‘But please remember also that — while you may say that what you do needn’t affect us — your decisions make a vast difference to us. In this world of instant communication, our neighbours know what you do, and they see us as sharing the responsibility. Imagine what that means where those neighbours are passionately traditional Christians — and what it means for our own members, who will be drawn to leave us for a “safer”, more orthodox church. Imagine what it means when those neighbours are non-Christians, delighted to find a stick to beat us with. Imagine what it is to be known as the ‘gay church’ in a context where that spells real contempt and danger.
‘Don’t misunderstand us. We’re not looking for safety and comfort. Some of us know quite a lot about carrying the cross. But when that cross is laid on us by fellow-Christians, it’s quite a lot harder to bear. Don’t be too surprised if some of us want to be at a distance from you — or if we want to support minorities in your midst who seem to us to be suffering.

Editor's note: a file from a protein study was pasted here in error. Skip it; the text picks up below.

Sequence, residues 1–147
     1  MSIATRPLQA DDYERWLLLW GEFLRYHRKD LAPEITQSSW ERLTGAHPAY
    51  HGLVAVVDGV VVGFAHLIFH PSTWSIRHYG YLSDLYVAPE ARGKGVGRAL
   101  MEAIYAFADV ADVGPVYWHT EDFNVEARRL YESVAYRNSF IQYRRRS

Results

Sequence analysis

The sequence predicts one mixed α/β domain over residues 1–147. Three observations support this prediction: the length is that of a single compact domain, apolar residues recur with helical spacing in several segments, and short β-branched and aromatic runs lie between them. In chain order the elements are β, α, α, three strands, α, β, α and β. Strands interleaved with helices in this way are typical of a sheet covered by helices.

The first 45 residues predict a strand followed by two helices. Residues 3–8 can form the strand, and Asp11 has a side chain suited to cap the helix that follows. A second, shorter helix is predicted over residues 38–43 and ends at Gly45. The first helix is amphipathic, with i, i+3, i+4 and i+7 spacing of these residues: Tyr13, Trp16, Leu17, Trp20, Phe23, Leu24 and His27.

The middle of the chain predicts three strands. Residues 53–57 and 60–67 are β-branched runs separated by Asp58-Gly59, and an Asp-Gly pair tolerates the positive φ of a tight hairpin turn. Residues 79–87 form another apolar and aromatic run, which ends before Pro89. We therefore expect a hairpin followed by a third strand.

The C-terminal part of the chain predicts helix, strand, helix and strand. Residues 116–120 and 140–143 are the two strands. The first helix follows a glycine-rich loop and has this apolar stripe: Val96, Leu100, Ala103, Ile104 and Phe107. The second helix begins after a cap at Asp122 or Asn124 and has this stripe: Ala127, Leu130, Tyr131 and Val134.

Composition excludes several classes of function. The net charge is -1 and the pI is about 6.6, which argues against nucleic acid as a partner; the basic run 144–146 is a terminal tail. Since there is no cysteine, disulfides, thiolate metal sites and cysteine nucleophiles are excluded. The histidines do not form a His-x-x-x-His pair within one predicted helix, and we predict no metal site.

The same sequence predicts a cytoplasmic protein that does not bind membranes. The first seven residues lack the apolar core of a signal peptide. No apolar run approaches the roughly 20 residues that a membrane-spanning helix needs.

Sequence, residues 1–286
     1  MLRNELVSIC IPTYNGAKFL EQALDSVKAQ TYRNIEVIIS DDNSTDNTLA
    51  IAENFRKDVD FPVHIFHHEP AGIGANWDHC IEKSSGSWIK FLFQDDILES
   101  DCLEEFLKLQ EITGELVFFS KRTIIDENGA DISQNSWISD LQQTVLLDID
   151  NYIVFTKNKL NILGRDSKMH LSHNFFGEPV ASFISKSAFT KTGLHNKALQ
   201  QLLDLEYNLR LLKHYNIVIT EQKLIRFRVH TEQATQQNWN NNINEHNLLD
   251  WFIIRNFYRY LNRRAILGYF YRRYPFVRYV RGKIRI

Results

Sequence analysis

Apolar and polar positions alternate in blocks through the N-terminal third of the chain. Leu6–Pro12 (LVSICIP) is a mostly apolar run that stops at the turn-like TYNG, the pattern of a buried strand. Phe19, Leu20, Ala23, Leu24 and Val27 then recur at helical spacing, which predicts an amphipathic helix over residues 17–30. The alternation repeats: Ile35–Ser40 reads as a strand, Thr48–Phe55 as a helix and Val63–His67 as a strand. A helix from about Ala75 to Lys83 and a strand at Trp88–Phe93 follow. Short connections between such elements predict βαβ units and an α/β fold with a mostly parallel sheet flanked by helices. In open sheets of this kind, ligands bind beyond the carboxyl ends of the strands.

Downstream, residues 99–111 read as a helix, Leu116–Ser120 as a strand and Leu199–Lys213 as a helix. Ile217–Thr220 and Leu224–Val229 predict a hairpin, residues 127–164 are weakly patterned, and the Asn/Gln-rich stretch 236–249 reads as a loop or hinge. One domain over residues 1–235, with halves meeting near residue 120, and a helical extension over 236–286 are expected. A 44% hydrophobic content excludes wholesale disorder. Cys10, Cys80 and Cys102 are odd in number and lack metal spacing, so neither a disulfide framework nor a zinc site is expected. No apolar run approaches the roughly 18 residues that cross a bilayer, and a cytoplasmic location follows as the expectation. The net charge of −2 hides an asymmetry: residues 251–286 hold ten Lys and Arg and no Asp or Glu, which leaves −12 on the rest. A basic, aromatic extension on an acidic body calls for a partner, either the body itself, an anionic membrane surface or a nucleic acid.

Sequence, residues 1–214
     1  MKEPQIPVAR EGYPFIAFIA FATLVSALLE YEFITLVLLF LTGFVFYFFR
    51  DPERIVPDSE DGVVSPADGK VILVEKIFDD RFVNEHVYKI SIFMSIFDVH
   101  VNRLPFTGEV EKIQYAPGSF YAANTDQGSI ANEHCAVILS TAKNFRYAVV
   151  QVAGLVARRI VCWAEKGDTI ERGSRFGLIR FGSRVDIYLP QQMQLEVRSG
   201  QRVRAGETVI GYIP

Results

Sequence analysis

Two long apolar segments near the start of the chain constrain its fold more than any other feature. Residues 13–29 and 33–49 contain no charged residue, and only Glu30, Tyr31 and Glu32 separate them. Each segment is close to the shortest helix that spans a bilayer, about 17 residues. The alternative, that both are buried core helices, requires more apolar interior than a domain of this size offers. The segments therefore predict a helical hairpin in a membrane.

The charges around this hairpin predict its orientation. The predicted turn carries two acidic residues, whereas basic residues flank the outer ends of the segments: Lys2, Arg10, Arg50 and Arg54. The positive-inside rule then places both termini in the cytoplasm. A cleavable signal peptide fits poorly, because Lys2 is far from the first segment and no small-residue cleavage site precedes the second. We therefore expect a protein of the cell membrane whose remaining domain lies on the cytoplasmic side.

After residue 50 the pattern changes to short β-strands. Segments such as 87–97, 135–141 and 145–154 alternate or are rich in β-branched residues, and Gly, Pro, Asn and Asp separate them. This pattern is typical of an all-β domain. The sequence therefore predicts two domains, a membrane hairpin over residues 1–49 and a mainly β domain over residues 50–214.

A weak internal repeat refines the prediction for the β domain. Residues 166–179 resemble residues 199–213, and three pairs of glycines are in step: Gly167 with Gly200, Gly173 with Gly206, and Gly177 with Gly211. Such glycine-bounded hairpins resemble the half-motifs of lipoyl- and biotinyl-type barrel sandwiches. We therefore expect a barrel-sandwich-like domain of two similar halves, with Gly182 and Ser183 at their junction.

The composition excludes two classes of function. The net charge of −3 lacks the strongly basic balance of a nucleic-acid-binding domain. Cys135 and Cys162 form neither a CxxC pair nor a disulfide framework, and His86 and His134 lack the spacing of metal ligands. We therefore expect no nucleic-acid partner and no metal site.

‘But we are here. We’ve taken a risk in coming, because many who think like us feel we’ve betrayed them just by meeting you. But we value our Communion, we want to understand you and we want you to understand us. Can you find some way of being generous that helps us believe you care about us and about the common language and belief of the Church? Can you — in plain words — step back and let us think and pray about these things without giving us the impression that the debate is over and we’ve lost and that doesn’t matter to you?’
Meanwhile, here's the Archbishop's presentation on the "not so traditional believer," as he terms it: